We have a natural tendency to believe what we see on our screen is the truth.
When engineers in Natanz nuclear site were sitting in their highly secure operations control room, they thought they were performing their day-to-day duties, carefully monitoring systems for any malfunctions.
Little did they know that their systems had been infected with Stuxnet - a computer worm, a cyberweapon - causing the fast-spinning nuclear centrifuges to tear themselves apart.
They blindly trusted their computer screens - but this malicious computer worm had changed the screens to make it seem like everything was normal. Causing a major hit to Iran's nuclear fuel enrichment program.
"What do hackers, fraudsters, and organized criminals have in common with Facebook, Google, and the NSA? Each is perfectly capable of mediating and controlling the information you see on your computer screens." — Marc Goodman, Future Crimes
It doesn't need to be always that exciting with such a sinister motive.
In marketing, we work daily with tools that seemingly provide precise data. In Google Analytics, we see exactly 10,398 visits to an article. In an A/B testing tool, we see that a new version is better by 3.24%. A keyword has an average monthly search volume of 1,400.
We like simple answers.
So marketing tools provide them to us.
What we see in a dashboard is considered reality.
But website analytics data is wildly inaccurate.
Due to cookie consent policies, ad blockers, and tracking prevention features in modern browsers.
Due to bots, tags not firing soon enough.
Due to people using multiple devices.
Due to internal traffic.
Then we have the celebrated A/B testing. A go-to activity for any data-driven project.
I used to be very uncritical of A/B and multivariate testing, but then I saw Craig Sullivan's presentation on "20 Simple Ways to Fuck Up Your AB Tests". Craig Sullivan is a well-known CRO expert. That presentation truly grounded me.
If people considered at least some of the points from his (now prehistoric) presentation, instead of blindly trusting what Google Optimize spits out, their data-driven efforts would have a much better impact.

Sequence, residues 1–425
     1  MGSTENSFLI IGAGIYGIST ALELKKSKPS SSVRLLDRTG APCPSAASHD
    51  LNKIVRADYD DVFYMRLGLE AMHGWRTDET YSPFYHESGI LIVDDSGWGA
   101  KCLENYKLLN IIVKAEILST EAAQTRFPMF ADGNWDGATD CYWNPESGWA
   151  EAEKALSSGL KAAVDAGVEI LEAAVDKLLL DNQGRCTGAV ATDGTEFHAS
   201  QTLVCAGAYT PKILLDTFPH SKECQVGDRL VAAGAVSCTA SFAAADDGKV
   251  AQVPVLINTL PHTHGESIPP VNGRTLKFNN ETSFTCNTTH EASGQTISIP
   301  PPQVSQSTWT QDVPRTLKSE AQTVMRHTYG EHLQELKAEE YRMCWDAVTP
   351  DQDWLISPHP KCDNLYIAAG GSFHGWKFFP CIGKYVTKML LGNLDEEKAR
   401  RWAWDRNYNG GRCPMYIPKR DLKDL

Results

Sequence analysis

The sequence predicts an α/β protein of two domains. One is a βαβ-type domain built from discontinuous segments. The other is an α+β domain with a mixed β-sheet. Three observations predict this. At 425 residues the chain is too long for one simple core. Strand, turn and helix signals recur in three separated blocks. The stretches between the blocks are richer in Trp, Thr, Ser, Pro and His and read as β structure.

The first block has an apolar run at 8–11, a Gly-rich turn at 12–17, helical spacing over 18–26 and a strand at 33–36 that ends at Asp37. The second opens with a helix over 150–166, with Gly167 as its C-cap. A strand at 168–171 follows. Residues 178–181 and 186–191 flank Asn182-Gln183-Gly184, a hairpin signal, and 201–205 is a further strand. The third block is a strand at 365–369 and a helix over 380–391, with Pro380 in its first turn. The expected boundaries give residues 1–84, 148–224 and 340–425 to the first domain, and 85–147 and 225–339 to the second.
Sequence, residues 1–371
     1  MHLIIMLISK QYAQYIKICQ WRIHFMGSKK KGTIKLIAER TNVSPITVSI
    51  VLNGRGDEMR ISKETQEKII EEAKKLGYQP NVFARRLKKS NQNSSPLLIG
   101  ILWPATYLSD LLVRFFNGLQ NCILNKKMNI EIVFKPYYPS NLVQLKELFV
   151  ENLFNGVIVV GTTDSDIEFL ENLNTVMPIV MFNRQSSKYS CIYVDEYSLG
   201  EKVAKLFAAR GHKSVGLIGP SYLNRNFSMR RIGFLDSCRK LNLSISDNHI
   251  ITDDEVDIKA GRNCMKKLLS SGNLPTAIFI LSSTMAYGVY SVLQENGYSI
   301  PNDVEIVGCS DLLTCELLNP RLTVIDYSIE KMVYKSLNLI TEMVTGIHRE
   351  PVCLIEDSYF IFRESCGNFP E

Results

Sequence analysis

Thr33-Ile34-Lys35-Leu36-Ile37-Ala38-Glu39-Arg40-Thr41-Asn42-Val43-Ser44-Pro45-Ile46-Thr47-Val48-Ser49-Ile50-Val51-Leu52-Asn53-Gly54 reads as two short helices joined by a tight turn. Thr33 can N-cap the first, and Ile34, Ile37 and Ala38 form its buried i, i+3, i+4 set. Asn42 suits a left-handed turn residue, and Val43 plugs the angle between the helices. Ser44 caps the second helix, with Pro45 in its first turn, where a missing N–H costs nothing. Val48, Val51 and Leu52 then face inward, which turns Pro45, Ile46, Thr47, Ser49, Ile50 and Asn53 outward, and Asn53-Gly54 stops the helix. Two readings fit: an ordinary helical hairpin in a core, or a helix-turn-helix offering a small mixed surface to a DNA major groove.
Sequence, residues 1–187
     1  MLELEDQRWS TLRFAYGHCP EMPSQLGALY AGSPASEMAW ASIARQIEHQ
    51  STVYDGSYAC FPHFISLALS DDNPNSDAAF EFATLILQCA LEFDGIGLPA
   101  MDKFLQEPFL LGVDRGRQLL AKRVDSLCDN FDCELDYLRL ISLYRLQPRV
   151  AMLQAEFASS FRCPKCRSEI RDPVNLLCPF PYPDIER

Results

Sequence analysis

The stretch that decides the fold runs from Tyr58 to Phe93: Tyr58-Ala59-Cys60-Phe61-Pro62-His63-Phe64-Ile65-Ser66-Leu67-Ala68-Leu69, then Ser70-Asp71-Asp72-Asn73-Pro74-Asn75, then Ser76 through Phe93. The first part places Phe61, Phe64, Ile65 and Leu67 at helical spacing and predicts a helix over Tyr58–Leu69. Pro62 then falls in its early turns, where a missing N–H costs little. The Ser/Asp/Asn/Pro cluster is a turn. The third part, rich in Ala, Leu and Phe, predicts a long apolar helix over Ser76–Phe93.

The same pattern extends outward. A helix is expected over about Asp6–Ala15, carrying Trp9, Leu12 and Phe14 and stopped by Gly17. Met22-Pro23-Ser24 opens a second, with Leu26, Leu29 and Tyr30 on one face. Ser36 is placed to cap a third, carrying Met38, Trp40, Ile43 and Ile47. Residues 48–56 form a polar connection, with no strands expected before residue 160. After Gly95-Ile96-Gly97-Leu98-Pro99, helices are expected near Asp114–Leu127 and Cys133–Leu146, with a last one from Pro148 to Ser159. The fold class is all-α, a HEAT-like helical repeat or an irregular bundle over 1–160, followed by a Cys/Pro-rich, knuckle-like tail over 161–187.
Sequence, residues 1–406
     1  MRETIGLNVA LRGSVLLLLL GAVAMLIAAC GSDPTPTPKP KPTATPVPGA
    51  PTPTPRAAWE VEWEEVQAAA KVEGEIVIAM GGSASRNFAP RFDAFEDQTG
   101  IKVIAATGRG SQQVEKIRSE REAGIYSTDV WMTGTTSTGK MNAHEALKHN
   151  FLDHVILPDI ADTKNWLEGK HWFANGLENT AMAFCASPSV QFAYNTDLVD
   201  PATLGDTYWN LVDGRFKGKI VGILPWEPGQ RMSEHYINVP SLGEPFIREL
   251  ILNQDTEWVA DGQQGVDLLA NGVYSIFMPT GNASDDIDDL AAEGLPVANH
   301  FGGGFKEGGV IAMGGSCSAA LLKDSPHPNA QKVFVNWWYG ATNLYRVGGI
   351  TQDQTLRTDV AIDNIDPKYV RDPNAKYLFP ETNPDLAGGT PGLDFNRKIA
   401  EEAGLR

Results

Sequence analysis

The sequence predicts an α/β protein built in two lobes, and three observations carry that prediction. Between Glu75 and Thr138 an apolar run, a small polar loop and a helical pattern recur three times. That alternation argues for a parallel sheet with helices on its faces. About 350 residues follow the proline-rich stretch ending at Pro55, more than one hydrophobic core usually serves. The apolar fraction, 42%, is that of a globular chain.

When you start digging deeper and getting a better understanding of proper testing, a period of disillusion kicks in.
When David Kadavy increased his conversions by 300% by doing absolutely nothing, he learned that A/B testing correctly takes tremendous energy.
There are so many ways to make A/B testing a complete waste of time.
In SEO, it's not much better. Search volumes of keywords are often outdated and inaccurate. They are usually simple monthly averages that are not counting for seasonality.
On top of that, 15% of all Google searches have never been searched before and we have no data on them.
As SEOs, we like to turn to Google Search Console because it provides more valuable information for us than Google Analytics. Yet, GSC hides so-called anonymized queries - in the recent Ahrefs study, these instances of hidden terms accounted for 46.08% of all clicks!
That's a lot of data you don't see.
And it will likely only get worse and worse.
The list of things we cannot track at all grows as well.
There's the Google Discover feed that you can't track in Google Analytics.
There's Siri Suggested Websites on iPhones and in Safari browsers which you can't track or evaluate at all.
And there's always been dark social - social shares that do not contain any digital referral information about the source.
We'll have less data and need to figure out how to work with what we have.
Maybe, we could extrapolate and try to calculate the unknown. In a similar way to Google Ads and its consent mode modeling - trying to pluck the number of conversions out of the air... oh, I mean, use proprietary and completely black-boxed modeling to calculate unconsented conversions.
Or maybe, we'll just use common sense more often and go back to the basics of marketing.
Do I think we should stop testing and stop looking at data? Not at all.
I think we really need to:
- Question data, be critical and want to know how metrics were calculated. Try to understand the level of error or uncertainty in a reported measurement.
- Just do it. Don't rely on data every time. Ask yourself frequently: It is better to invest tremendous effort into a correct A/B test, or run poorly set up A/B test with questionable results, or simply do it. You'll probably find out that in many cases, it's best to implement a change and see results, rather than waste time and resources with testing. At Ghost, when they wanted to improve their onboarding process, they decided to "JFDI" instead of testing - resulting in significant improvements with very little work:
This improvement gets us an extra 0.84 customers per day, and our average Ghost(Pro) customer Lifetime Value is currently about $200. Basic napkin maths – 365 days * ($200 * 0.84) – says that this change will be worth $61,000 in additional customers each year.
Not bad, for 30 minutes work. (source)
And more importantly, they can move on to improve their product further instead of waiting for the test to finish. The smaller you are, the more frequently you need to JFDI.
- Roll with the punches, but stay vigilant. Understand that you see only a small portion of the full picture in your dashboards, and don't be too obsessed with it. Know the limitations and try to use what you have in the best way possible. But don't be like the engineers at Natanz nuclear site blindly staring at the screen, thinking that's the only truth while the whole building is tearing up under your ass.